Minnesota weighing details of Super Bowl bid

The Bufflo Bills got taken down by the Washington Red Skins when the Super Bowl came to Minneapolis in 1992. (Getty Images/Mike Powell)

It’s Super Bowl playoff time for the cities that are hoping to host the game in 2018, the next championship to be awarded to an NFL city.

Legislators met with Dayton administration officials yesterday to talk about financial breaks the NFL wants from the host of the game. “We’re talking about the Super Bowl tax thing,” DFL House Speaker Paul Thissen said going into the meeting. “I don’t know the details of it. I want to learn the details.”

The NFL typically seeks breaks like income tax exemptions for the players coming to the game and sales taxes on tickets. The state still has a ticket tax exemption on the books from the last time the Super Bowl game to Minneapolis, in 1992.

“I have reservations about giving tax breaks,” Thissen said going into the meeting, which he said included Senate Majority Leader Tom Bakk. “I think the decision is whether we think the Super Bowl is going to outweigh the cost to us… the economics of bringing a Super Bowl versus the cost of bringing these tax breaks.”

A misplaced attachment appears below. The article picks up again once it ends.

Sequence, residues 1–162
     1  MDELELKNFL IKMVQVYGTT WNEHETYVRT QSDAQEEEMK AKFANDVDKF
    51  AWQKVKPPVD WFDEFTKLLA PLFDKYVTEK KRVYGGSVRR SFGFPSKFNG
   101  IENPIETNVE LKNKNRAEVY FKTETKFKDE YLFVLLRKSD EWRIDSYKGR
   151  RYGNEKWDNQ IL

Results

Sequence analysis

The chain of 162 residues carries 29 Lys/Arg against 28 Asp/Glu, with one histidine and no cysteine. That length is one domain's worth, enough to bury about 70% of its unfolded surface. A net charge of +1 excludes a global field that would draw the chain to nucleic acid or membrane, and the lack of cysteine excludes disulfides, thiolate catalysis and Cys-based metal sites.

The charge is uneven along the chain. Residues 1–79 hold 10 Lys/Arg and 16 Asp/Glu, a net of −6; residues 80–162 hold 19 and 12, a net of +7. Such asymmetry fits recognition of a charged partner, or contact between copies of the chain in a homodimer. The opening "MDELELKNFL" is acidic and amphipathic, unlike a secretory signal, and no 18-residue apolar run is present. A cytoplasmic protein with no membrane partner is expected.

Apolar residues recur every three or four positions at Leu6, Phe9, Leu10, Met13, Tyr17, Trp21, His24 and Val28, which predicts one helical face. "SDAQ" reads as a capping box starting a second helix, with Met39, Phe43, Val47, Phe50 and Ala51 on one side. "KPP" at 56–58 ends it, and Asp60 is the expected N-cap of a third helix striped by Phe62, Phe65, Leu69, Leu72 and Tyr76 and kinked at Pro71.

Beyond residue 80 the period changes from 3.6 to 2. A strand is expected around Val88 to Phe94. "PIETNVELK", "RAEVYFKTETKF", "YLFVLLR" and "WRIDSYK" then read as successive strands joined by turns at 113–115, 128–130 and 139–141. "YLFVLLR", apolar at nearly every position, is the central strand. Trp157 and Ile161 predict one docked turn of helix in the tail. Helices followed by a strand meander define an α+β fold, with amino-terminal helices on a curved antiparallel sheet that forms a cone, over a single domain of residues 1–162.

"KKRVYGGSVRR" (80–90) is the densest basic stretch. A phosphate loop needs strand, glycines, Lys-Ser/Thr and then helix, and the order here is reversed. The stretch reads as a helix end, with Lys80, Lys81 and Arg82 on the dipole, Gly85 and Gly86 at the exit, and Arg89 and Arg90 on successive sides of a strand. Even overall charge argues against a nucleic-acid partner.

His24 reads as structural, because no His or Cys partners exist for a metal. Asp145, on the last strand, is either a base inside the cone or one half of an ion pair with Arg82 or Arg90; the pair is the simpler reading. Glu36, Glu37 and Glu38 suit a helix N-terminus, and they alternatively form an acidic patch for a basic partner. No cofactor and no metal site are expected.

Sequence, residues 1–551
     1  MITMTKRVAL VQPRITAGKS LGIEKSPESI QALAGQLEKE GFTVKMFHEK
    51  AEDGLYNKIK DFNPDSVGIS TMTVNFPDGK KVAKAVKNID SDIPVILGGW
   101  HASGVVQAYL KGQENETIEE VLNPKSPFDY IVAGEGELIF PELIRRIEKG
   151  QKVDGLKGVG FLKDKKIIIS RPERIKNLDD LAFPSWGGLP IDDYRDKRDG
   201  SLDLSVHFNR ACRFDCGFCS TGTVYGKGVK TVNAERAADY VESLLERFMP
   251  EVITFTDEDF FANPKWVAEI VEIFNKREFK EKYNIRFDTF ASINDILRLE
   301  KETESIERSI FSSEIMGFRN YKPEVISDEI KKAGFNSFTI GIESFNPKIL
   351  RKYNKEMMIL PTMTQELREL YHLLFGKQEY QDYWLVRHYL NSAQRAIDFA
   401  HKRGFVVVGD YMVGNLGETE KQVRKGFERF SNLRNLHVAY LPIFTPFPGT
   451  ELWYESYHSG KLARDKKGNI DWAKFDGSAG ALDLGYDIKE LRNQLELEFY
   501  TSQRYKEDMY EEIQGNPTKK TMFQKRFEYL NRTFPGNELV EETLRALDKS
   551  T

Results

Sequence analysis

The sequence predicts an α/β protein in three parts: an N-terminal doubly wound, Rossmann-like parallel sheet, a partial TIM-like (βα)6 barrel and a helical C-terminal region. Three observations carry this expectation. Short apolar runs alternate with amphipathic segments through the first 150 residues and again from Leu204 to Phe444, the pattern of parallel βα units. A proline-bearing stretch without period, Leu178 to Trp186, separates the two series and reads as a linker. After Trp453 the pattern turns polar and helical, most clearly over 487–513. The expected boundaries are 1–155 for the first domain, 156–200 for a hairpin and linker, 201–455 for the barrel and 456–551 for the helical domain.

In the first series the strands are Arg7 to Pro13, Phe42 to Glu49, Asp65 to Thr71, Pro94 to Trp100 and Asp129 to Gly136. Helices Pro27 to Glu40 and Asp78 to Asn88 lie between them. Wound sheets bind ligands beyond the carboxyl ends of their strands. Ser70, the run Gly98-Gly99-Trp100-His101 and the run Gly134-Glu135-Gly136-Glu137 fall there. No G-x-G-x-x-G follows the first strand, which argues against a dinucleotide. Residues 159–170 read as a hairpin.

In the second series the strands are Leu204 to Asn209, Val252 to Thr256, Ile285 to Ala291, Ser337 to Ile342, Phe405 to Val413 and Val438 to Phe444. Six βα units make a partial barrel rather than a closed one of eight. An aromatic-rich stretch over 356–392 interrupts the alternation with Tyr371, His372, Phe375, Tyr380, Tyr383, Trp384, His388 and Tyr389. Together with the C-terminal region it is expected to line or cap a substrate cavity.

The Dayton administration was relatively mum about the talks. Here’s what spokesman Matt Swenson said in a statement released after the meeting:

“[Minnesota Sports Facilities Authority] Chairwoman Michele Kelm-Helgen provided a very preliminary first look at the potential economic benefits of bringing the Super Bowl to Minnesota. No decisions or commitments were made during the meeting. The Governor and legislative leaders will continue their discussion on this issue in the coming weeks.”

The discussion comes as Minneapolis is preparing to host Major League Baseball’s All Star Game in July, and as the NHL has reportedly been looking over potential venues for an outdoor game, like the big Winter Classic outdoor games the NHL has been mounting.

There were six outdoor NHL games this year, including one in Los Angeles. The All Star Game has included concessions to MLB, requiring Minneapolis to establish controversial “clean zones” around Target Field, TCF Bank Stadium and in northeast Minneapolis. Restrictions there have drawn fire from the ACLU, among others.